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Crystal Systems

Substances in which the particles arrangement is orderly, repeating, three-dimensional

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Crystal Systems

High quality crystals are often used to generate precise laser beams

Credit: Courtesy of the National Cancer Institute
Source: http://commons.wikimedia.org/wiki/File:Photodynamic_therapy.jpg
License: CC BY-NC 3.0


What are the different uses of lasers?

The development of modern lasers has opened many doors to both research and applications. A laser beam was used to measure the distance from the Earth to the moon. Lasers are important components of CD players. As the image above illustrates, lasers can provide precise focusing of beams to selectively destroy cancer cells in patients. The ability of a laser to focus precisely is due to high-quality crystals that help give rise to the laser beam. A variety of techniques are used to manufacture pure crystals for use in lasers.

Crystalline Solids

The majority of solids are crystalline in nature. A crystal is a substance in which the particles are arranged in an orderly, repeating, three-dimensional pattern. Particles of a solid crystal may be ions, atoms, or molecules, depending on the type of substance. The three-dimensional arrangement of a solid crystal is referred to as the crystal lattice. Different arrangements of the particles within a crystal cause them to adopt several different shapes.

Crystal Systems

Crystals are classified into general categories based on their shapes. A crystal is defined by its faces, which intersect with one another at specific angles, which are characteristic of the given substance. The seven crystal systems are shown below, along with an example of each. The edge lengths of a crystal are represented by the letters , , and . The angles at which the faces intersect are represented by the Greek letters , , and . Each of the seven crystal systems differs in terms of the angles between the faces and in the number of edges of equal length on each face.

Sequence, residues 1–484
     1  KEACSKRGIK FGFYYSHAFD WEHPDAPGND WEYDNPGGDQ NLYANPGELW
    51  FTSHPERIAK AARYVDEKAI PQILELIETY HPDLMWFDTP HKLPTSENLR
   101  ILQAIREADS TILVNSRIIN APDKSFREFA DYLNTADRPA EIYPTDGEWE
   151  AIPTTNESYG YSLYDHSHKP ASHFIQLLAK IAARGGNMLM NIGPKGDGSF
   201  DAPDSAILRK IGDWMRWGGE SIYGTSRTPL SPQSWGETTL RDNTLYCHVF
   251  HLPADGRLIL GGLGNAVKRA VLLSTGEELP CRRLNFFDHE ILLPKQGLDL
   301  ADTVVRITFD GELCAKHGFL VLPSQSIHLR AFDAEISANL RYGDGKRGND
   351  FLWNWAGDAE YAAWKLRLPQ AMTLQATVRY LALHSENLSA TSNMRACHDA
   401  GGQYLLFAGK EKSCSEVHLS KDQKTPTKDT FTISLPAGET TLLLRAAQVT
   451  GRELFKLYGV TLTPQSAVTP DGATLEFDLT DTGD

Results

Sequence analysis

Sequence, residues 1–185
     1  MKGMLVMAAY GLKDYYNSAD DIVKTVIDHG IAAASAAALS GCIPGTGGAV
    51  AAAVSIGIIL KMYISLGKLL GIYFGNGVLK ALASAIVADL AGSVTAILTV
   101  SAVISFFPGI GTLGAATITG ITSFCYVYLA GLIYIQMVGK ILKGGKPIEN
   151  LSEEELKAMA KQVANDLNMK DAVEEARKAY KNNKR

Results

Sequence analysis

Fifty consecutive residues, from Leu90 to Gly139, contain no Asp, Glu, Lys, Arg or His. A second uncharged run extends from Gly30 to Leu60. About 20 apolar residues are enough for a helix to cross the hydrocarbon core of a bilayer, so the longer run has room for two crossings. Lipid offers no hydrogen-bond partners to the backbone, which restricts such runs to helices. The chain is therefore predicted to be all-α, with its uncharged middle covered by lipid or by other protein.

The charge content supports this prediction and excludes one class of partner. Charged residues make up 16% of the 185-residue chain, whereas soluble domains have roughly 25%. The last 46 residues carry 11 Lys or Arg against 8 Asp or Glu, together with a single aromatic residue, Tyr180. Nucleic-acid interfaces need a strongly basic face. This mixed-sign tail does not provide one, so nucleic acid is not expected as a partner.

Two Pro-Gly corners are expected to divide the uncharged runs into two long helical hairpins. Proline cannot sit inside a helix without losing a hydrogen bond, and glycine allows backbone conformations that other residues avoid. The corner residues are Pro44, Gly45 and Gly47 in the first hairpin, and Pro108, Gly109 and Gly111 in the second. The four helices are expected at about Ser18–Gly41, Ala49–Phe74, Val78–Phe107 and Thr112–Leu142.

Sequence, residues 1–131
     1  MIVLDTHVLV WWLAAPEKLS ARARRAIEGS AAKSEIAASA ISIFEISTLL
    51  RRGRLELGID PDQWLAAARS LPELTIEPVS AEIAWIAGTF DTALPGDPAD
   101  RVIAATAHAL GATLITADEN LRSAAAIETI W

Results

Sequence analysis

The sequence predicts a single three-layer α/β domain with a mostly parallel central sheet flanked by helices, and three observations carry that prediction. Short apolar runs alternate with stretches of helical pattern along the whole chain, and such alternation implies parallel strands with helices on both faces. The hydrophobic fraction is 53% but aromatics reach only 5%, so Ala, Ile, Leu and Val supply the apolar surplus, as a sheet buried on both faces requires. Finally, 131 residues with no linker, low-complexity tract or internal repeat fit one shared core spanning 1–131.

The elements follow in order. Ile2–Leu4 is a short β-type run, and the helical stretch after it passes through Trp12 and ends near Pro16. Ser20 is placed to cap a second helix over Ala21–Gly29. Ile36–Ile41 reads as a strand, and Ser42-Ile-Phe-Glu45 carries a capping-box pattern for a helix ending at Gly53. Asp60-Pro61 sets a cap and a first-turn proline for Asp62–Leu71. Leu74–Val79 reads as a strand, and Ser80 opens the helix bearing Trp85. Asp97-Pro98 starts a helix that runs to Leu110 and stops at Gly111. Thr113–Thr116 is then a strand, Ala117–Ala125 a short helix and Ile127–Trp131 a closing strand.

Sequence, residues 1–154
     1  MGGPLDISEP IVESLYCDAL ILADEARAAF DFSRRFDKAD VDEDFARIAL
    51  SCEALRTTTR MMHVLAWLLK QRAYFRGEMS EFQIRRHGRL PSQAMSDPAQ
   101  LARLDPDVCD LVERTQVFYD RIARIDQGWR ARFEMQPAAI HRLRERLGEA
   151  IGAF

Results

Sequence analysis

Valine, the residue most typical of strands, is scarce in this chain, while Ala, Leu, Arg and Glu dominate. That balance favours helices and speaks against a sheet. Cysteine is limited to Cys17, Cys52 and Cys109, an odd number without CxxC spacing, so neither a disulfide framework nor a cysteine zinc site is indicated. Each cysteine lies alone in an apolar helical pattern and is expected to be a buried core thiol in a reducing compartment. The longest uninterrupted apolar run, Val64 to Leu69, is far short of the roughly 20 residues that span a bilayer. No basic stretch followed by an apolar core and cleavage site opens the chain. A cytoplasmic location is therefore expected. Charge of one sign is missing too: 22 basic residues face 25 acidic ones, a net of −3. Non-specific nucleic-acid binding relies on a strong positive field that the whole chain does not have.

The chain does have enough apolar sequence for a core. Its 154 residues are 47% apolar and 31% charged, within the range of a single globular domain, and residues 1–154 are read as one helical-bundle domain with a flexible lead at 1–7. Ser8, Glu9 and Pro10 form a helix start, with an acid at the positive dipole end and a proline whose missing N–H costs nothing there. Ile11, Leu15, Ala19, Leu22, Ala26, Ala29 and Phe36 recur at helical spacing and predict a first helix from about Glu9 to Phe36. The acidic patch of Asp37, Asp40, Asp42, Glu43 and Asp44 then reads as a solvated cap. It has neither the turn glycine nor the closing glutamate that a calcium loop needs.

Seven Basic Crystal Systems and Examples of Each
Crystal System Diagram Example

Cubic

Structure of a cubic crystal
Credit: CK-12 Foundation - Christopher Auyeung
License: CC BY-NC 3.0

An example of a cubic crystal is pyrite

Credit: User:Teravolt/Wkipedia
Source: http://en.wikipedia.org/wiki/File:Pyrite_Cubes.JPG
License: CC BY-NC 3.0


Pyrite

Tetragonal

Structure of a tetragonal crystal
Credit: CK-12 Foundation - Christopher Auyeung
License: CC BY-NC 3.0

An example of a tetragonal crystal is wulfenite

Credit: Courtesy of the "Minerals in Your World Project" by the US Geological Survey and the Mineral Information Institute
Source: http://commons.wikimedia.org/wiki/File:WulfeniteUSGOV.jpg
License: CC BY-NC 3.0


Wulfenite

Orthorhombic

Structure of an orthorhombic crystal
Credit: CK-12 Foundation - Christopher Auyeung
License: CC BY-NC 3.0

An example of an orthorhombic crystal is aragonite

Credit: Christoph Radtke
Source: http://commons.wikimedia.org/wiki/File:Aragonite_-_crystal_ball.jpg
License: CC BY-NC 3.0

Aragonite

Monoclinic

Structure of a monoclinic crystal
Credit: CK-12 Foundation - Christopher Auyeung
License: CC BY-NC 3.0

An example of a monoclinic crystal is azurite

Credit: Stephanie Clifford (Flickr: sdixclifford)